Before getting into movies, she joined the renowned Los Angeles Groundlings improv troupe and did stand-up at the Comedy Store, back when David Letterman was just a no-name emcee.
Improv led to her getting cast in her first film, 'Carrie,' alongside Sissy Spacek. But McClurg is probably best known for her work with director John Hughes, particularly in 'Planes, Trains and Automobiles' where she has some choice words for Steve Martin, and as Grace, the high school secretary in 'Ferris Bueller's Day Off.'
As 'Ferris Bueller' celebrates its 25th anniversary on Saturday (wow, right?), Moviefone talked to McClurg about the movie's timeless appeal, what scenes were improvised and which jokes made John Hughes laugh the hardest.
Turns out, she's a righteous dude.
Moviefone: In the scene where you're listing all the different groups of kids who like Ferris Bueller, was it hard to keep from laughing?
Edie McClurg: Well, it was very hard to memorize that list so I had put "and" in between, you know to try and pair them up and John [Hughes] said, "No, no just say the list." I really had to concentrate when I was doing that though I was looking like it was very easy. I said "the dweebies and dickheads, sportos and bloods" because that was the way I was able to memorize it and I had to take out the "ands." He said, "No, no, just the list." I did it in one take.
Did you know what all those words meant?
Well, dweebies are nerdy guys, dickheads are guys who are always mouthing off and messing around, sportos play sports, bloods are [in gangs], and whatever's left over. I don't remember. I knew at the time, but it was a long time ago.
Edie McClurg as Grace in 'Ferris Bueller':
Do people constantly quote that back at you?
A lot of people liked it, but it was another movie John Hughes did, 'Planes Trains and Automobiles' where people want me to say "You're f*cked" when they see me out.
Regarding 'Ferris Bueller,' I was in the Czech Republic once, in Prague, making a movie at the same time as Jeffrey Jones, who played the principal, who was making a different movie. The Super Bowl was going to playing at this bar at midnight so we decided we would go watch the Super Bowl at this bar at midnight in Prague together.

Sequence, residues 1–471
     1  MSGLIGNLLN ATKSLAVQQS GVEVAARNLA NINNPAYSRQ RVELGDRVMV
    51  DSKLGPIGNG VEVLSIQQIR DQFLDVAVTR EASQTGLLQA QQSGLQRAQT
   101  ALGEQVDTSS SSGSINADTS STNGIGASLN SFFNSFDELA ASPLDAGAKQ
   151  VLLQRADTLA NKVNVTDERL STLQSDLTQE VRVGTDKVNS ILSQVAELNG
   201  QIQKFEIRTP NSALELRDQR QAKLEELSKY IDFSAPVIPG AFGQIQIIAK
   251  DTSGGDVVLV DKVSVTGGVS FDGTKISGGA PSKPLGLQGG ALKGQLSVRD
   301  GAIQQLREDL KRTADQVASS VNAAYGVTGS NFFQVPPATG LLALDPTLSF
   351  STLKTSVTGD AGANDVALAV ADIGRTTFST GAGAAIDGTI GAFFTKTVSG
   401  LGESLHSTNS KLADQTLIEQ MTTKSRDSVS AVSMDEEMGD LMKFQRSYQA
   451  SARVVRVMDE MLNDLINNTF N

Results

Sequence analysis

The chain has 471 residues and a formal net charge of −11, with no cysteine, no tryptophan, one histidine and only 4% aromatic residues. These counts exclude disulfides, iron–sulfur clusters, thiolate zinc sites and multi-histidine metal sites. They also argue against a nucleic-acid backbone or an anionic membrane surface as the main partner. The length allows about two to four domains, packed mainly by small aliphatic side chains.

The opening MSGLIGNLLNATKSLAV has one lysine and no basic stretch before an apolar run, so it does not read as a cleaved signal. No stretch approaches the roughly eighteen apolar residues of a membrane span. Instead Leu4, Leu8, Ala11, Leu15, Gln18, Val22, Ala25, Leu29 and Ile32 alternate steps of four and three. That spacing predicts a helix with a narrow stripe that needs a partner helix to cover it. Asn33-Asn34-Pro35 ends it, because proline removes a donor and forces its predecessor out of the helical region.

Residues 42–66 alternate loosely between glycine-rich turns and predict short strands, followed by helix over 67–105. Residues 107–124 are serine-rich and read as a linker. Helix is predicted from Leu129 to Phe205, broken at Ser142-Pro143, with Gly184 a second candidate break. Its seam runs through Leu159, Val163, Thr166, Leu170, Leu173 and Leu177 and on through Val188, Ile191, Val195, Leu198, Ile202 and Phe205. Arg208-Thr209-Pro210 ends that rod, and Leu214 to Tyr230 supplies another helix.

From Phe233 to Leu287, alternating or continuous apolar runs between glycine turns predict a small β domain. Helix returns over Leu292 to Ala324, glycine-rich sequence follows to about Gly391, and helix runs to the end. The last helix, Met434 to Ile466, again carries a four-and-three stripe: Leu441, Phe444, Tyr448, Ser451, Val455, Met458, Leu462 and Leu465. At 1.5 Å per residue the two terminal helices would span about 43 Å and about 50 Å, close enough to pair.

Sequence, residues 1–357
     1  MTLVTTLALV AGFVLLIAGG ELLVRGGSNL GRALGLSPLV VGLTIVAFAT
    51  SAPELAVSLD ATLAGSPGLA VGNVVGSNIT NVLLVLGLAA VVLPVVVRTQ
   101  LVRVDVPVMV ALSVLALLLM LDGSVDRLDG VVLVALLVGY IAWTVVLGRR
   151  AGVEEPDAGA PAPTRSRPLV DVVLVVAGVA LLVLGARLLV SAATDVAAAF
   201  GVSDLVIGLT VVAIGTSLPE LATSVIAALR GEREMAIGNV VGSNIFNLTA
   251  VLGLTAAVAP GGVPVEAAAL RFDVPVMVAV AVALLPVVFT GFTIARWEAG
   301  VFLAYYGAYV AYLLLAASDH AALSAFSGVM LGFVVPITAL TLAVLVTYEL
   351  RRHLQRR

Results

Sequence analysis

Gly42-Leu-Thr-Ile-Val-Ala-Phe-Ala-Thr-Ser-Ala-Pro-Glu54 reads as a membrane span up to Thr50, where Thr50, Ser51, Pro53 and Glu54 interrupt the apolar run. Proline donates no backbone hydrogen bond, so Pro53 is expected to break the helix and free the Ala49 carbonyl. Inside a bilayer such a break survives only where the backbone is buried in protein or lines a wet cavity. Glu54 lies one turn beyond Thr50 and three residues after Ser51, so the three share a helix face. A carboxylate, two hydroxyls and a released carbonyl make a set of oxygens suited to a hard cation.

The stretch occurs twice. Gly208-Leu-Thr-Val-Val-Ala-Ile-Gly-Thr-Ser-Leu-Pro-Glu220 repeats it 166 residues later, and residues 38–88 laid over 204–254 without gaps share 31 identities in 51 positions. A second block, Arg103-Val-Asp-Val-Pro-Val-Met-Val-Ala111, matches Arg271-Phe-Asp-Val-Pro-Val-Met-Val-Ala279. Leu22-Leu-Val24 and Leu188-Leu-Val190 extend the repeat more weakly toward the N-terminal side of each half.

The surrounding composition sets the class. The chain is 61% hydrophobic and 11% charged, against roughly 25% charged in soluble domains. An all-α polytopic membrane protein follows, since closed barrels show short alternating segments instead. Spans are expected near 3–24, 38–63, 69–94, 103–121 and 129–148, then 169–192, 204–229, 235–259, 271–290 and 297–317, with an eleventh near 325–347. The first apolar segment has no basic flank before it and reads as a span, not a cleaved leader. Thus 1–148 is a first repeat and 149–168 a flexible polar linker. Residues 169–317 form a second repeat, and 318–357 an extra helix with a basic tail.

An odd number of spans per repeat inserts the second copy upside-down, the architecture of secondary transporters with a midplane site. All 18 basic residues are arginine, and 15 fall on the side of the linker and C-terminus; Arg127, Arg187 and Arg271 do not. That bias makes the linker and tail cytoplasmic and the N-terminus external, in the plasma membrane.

We show up and there were a whole lot of American young people there. There were screens all around. We found seats right in the front, but then I had to go to the bathroom so I walked down halfway through the club to go the restroom, and then when I came back I was walking past this table and somebody said, "Grace!" I turned and I said, "Yes?" and they said, "We thought that was you!" I said, "And Mr. Rooney is right over in the corner." So they had to get up and come over. One of them was from Wisconsin and he had a cheese-head on and he talked Jeffrey into putting it on and taking pictures. That was a lot of fun.
'Ferris Bueller' is my favorite movie, but it came out before I was even born. What makes it so timeless?
I think it's the anarchy of taking the day off and how much fun you can have. He wasn't a bad kid. He wasn't a bad student. He just ... It was a beautiful day and they knew they'd be going to different schools after they graduated. It's the end of the semester. You know how you get itchy. I think that's what people really identify with.
Matthew Broderick and Alan Ruck had been in the Broadway production of 'Biloxi Blues' together. They knew each other so well. It was a long run on Broadway, so they became very close friends. Then, when the movie came up, Matthew had gotten a good reputation already, and he suggested Alan for the best friend part and it was just perfect. Then, the people who played his mom and dad, they actually met and got married. They're not married now, but they have beautiful kids. You're put together and familiarity breeds.
And you and Jeffrey obviously became close.